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To Intervene or Not to Intervene, That is the Question
CBC Canada
Thomas Rose
9 December 2008

The following article offers analysis of the Munk Debates which took place on 1 December 2008, featuring Rick Hillier and John Bolton arguing against humanitarian intervention and Mia Farrow and Gareth Evans arguing in favor of it. More information on the Munk Debates can be found at

The economy isn't the only human endeavour taking a beating these days. The pursuit of universal human rights is also under assault. And it's not a stretch to say that the two are connected () Prior to 9/11 and its aftermath, there had been a half-century of nearly uninterrupted acceptance of the idea that there are certain core rights to which all humans are entitled. But that support seems to be shifting and nowhere is this more evident than in the world's attitude toward the concept of humanitarian intervention. Remember Bosnia? Remember Kosovo? Remember then President Bill Clinton saying "enough is enough" to former Serbian strongman Slobodan Milosevic?

() These were the actions of world leaders who were cognizant of values thought to be at the very core of the community of nations, not to mention the human condition, stuff like the right to be free from state oppression, the right not to be exterminated, the right to justice.

Times change
Back then, the pillars of the international community accepted their responsibility to prevent ethnic cleansing and genocide, to arrest war criminals, to restore democracy and to provide disaster relief when national governments were either unable or unwilling to do so. () The reluctance of the Western world to go where it once boldly went was at the heart of a recent debate in Toronto before a well-heeled crowd who had gathered to witness a publicized clash over the value of humanitarian intervention. The tension between narrow national interests and global humanitarian values promised to heat up an otherwise frigid late-fall evening at what are known as the Munk Debates, sponsored by the University of Toronto. It was a promise largely unkept. ()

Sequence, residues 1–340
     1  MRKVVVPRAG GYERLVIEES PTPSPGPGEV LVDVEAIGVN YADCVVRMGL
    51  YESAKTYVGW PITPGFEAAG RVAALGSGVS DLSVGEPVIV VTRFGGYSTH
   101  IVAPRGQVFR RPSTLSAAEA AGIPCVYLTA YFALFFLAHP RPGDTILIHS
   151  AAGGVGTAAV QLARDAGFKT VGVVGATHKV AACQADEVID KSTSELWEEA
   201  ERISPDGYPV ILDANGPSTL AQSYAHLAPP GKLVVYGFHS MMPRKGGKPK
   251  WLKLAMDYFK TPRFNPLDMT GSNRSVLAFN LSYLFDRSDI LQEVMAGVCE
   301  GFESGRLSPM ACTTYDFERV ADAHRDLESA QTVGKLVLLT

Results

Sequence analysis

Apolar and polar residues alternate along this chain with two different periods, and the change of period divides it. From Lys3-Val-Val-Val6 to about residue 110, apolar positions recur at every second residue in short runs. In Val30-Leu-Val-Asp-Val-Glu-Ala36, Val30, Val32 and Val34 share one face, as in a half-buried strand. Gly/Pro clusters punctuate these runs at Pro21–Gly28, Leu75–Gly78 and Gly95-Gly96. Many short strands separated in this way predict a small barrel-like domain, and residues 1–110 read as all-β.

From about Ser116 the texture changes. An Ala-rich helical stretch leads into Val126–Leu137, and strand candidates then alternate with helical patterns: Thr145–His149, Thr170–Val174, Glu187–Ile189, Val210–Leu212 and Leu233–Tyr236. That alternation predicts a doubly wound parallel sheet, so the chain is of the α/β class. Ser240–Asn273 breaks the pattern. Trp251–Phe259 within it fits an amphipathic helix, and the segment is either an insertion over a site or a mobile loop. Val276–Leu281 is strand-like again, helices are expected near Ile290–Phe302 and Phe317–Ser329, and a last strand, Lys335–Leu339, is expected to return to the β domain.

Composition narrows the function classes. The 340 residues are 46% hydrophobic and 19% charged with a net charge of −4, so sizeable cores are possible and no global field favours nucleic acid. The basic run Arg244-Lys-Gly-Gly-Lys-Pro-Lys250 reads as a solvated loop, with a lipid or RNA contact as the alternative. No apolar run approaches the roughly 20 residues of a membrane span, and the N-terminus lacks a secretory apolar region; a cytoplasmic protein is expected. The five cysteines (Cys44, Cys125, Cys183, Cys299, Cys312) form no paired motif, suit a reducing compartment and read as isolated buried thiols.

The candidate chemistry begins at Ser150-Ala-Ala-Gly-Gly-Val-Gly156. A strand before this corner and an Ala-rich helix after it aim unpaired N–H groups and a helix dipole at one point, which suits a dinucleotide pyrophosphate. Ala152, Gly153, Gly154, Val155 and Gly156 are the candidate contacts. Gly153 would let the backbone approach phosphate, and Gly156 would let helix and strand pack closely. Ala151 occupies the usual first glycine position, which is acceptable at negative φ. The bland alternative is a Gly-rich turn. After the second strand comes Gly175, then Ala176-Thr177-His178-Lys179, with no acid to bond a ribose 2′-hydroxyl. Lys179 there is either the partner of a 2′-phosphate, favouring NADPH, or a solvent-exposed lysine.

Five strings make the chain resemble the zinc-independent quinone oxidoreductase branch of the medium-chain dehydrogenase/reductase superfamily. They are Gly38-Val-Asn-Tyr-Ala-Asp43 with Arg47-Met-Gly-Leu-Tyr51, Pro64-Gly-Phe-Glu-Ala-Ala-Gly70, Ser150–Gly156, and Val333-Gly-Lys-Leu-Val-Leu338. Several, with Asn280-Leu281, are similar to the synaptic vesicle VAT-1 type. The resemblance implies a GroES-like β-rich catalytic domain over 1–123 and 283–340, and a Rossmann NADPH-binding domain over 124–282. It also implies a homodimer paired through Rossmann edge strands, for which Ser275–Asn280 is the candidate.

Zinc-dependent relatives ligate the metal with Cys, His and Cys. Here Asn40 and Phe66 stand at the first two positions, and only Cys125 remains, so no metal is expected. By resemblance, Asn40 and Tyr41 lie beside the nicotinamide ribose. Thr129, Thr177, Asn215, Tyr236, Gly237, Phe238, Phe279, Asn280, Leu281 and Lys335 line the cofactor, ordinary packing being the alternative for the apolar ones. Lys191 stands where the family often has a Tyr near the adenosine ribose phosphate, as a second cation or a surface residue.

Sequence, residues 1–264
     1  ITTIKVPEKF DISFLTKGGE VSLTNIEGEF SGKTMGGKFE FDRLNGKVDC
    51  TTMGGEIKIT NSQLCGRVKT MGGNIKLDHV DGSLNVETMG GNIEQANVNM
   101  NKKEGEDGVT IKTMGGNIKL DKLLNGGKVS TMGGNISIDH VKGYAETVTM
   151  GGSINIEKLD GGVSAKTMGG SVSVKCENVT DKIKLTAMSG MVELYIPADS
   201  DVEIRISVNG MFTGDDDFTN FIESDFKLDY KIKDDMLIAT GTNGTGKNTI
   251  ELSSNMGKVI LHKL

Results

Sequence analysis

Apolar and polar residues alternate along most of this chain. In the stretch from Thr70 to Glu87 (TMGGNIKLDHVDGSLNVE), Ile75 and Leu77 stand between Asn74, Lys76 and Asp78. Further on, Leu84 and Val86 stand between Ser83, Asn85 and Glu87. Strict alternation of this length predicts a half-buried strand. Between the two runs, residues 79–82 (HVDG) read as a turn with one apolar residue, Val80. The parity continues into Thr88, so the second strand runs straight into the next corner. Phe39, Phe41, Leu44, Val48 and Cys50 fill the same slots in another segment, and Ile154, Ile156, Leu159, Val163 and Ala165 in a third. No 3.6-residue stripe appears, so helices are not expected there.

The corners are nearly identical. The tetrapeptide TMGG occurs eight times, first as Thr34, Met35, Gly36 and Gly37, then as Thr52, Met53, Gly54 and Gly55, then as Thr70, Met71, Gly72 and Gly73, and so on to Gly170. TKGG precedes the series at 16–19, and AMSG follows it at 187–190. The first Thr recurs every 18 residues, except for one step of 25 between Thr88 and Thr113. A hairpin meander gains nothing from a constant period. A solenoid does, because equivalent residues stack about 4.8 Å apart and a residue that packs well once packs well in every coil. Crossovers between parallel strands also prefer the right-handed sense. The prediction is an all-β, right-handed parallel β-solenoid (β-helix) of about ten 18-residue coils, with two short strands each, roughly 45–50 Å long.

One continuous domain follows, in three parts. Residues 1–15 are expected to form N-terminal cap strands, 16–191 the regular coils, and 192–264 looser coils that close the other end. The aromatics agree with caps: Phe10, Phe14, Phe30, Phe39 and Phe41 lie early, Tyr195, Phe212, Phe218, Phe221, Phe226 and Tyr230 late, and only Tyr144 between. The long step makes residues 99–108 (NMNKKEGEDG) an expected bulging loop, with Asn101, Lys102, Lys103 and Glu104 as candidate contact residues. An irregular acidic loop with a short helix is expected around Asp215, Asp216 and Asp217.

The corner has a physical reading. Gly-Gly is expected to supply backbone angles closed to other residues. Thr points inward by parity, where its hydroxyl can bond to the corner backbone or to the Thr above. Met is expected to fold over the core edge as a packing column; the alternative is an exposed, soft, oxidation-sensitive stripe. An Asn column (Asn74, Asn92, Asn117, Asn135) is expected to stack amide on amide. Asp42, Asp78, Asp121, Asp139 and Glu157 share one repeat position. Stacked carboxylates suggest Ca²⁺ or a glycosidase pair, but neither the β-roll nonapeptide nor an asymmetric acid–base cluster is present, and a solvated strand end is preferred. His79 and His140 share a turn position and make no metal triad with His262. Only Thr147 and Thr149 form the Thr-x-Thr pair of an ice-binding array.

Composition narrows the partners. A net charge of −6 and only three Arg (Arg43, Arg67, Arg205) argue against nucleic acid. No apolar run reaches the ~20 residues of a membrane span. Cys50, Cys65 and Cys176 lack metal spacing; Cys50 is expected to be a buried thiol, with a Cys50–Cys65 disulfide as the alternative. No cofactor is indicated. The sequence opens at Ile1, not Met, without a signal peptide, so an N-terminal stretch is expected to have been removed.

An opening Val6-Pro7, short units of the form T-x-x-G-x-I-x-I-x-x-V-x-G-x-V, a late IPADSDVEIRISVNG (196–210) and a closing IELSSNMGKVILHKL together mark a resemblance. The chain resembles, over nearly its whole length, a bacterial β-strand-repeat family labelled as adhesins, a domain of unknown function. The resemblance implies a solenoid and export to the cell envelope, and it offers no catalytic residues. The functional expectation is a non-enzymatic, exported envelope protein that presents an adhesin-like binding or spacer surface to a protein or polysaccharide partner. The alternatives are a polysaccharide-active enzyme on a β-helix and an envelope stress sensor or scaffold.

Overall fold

The right to protect
() In support of the right to protect, actress and activist Mia Farrow, delivered a largely listless defence of humanitarian intervention while the event's obligatory dark knight, (George W. Bush's) former ambassador to the UN John Bolton, fired off well aimed rounds of crisp rhetoric wrapped in impeccable logic. What's more, if Bolton dominated the debate, it was his intellectual partner in the night's event, Gen. Rick Hillier, Canada's former chief of defence staff, who came in a close second. Hillier cautioned people not to confuse national interest with an appeal to global values. ()

For or against
() Prior to the start of the debate, the audience voted either for or against humanitarian intervention. Pre-debate results were 79/21 in favour. In the end, few changed their position. Post-debate, the results were 68/32 in favour. Still, while most of the audience seemed sympathetic to the right to protect and humanitarian intervention, one couldn't help but wonder just how deep that support went. Consider Zimbabwe's almost criminally neglectful response to the plight of its people or Sudan's equally criminal actions against the people of Darfur, or the European Union's reluctance to intervene in the war-torn Democratic Republic of Congo. ()

Universal declaration
This month, the Universal Declaration of Human Rights, the Magna Carta of our times, marks its 60th anniversary. With national interests seemingly nudging out global values, it's as good a time as any to re-assess our notion of what the international system is meant to be. Is it just a collection of legal nuts and bolts cobbled together by governments to protect other governments? Or is it a living framework of rules designed to internationalize the human conscience? ()



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